All of us are still reeling with shock, anxiety, and sadness over the recent tragedy in Japan spawned by a 9.0 earthquake, herculean Tsunamis, and now a fear over a possible nuclear disaster. No one saw this coming. Natural disasters do not convenience us with an advance notice of the time and place when it strikes. Before 2:46 p.m. people in northeast of Tokyo were going their daily routine. An hour after that time and still in a daze after the shock of the earth’s shift, they had to run for their lives when a 30 foot tsunami washed over the coast.
And while we continue to help in our respective ways, we should also contemplate our own preparedness. Continue your efforts to help Japan. Keep exerting your benevolence. But while you do this, safeguard your own security and that of your family's by formulating a plan for times of calamity. Here are some suggestions to get you started:
- Formulate a Disaster Plan. Utilize the information shared by FEMA (Federal Emergency Management Agency). They have an excellent website to help you and your children become prepared.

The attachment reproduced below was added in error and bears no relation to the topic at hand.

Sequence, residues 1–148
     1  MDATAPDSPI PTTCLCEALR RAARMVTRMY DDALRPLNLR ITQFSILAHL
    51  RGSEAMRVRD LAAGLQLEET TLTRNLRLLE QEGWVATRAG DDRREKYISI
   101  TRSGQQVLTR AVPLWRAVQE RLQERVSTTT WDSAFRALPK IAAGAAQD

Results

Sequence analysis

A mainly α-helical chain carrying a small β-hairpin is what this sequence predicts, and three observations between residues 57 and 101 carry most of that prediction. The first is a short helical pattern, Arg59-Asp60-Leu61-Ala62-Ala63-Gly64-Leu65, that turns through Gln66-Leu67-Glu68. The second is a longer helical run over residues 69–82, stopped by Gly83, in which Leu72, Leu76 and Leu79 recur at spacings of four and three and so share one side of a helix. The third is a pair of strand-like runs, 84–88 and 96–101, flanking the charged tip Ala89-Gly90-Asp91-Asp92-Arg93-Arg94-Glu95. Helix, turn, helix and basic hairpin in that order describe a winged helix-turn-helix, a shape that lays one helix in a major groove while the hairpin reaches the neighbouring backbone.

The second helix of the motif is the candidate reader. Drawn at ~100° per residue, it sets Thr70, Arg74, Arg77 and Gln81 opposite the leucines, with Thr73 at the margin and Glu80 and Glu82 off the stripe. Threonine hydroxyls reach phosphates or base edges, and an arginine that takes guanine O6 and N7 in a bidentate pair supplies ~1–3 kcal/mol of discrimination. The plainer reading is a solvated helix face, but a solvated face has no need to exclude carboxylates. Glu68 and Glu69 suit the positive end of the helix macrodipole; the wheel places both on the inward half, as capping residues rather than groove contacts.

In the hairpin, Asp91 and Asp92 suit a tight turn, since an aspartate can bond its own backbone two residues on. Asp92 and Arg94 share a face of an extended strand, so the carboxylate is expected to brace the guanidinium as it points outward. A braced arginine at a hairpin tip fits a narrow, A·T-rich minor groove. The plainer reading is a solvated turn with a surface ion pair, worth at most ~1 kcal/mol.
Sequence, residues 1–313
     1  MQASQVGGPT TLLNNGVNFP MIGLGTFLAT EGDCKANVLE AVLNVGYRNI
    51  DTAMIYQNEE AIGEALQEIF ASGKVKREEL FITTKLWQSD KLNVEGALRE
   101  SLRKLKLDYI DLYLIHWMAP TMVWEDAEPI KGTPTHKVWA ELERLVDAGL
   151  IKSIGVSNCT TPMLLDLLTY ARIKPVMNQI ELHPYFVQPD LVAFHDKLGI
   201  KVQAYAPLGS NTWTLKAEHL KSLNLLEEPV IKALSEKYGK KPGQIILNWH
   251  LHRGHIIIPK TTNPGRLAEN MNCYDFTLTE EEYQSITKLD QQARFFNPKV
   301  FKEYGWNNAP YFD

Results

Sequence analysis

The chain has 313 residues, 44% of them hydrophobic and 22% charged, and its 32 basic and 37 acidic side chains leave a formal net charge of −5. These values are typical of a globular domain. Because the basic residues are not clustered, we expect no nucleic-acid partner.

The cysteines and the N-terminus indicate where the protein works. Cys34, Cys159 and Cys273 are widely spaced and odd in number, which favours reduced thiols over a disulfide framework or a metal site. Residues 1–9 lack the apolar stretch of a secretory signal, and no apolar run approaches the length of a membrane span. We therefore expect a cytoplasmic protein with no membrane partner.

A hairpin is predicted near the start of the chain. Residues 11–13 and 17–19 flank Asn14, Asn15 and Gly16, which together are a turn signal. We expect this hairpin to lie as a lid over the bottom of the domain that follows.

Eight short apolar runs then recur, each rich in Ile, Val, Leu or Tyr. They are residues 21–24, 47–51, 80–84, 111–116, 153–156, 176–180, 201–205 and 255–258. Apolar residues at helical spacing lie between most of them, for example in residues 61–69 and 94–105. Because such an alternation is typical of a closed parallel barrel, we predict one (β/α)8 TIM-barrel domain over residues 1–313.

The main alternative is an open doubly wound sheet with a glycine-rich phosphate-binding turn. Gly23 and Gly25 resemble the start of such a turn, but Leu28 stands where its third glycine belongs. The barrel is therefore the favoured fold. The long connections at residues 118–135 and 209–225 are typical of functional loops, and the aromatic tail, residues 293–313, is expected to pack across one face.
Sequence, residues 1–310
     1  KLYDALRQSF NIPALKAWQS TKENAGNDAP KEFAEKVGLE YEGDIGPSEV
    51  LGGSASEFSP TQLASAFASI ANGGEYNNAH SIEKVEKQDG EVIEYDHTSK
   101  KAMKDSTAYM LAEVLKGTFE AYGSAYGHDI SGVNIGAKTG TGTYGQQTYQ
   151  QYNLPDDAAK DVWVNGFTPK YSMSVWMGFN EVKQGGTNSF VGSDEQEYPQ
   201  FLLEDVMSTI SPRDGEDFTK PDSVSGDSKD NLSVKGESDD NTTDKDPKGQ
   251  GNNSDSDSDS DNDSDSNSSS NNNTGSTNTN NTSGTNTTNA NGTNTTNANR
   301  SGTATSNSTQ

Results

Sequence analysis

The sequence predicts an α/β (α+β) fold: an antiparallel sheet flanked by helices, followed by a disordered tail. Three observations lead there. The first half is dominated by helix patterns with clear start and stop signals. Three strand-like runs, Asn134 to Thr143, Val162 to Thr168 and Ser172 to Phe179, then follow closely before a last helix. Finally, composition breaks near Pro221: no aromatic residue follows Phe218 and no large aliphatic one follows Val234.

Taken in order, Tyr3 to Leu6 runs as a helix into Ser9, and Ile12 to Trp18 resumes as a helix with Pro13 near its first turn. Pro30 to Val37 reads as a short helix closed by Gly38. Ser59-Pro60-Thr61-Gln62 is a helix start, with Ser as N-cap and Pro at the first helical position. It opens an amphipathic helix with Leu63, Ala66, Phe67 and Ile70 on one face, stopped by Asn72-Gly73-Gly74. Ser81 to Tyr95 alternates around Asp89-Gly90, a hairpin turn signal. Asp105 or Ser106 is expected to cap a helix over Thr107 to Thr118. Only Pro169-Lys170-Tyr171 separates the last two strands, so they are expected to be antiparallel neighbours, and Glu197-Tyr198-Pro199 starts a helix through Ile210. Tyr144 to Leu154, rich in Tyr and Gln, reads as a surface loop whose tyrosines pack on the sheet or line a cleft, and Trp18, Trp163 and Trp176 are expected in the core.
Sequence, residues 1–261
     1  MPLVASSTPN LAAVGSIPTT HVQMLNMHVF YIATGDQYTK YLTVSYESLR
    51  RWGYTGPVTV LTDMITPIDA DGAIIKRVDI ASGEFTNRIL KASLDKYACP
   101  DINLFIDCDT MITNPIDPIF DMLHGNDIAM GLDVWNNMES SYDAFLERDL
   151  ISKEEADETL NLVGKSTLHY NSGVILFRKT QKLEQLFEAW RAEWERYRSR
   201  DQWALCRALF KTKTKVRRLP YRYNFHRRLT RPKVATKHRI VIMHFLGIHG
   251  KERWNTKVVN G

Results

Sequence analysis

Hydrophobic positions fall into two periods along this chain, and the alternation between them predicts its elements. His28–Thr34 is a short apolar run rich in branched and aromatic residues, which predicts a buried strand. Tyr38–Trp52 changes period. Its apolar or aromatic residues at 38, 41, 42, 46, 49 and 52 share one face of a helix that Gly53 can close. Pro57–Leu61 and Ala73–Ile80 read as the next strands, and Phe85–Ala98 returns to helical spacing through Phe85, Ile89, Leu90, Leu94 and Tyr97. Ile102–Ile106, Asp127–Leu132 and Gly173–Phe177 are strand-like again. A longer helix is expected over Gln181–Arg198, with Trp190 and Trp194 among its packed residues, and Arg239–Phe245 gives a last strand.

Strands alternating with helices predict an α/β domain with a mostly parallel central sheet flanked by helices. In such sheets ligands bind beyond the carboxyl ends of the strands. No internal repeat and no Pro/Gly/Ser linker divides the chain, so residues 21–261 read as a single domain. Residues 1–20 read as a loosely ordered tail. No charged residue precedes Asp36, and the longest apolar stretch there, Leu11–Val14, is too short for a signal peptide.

- Write your will. There are a number of sites that offer this service. I prefer Legalzoom.com which charges $39 for basic and $49 for comprehensive. This is a small price to pay for the peace of mind for your family.
- Scan significant documents (i.e. Wills, Passport, Birth Certificates, Bank Accounts, Property Deeds and Titles, etc.) and store it on a secure online cloud. By using the web as your repository, you can access pertinent documents at any time and any place.
- Hold a family meeting to reinforce your Disaster Plan. Everyone should know their respective roles.
- Insure what is critical starting with your home. Also deliberate on acquiring life insurance for extra financial security for your family.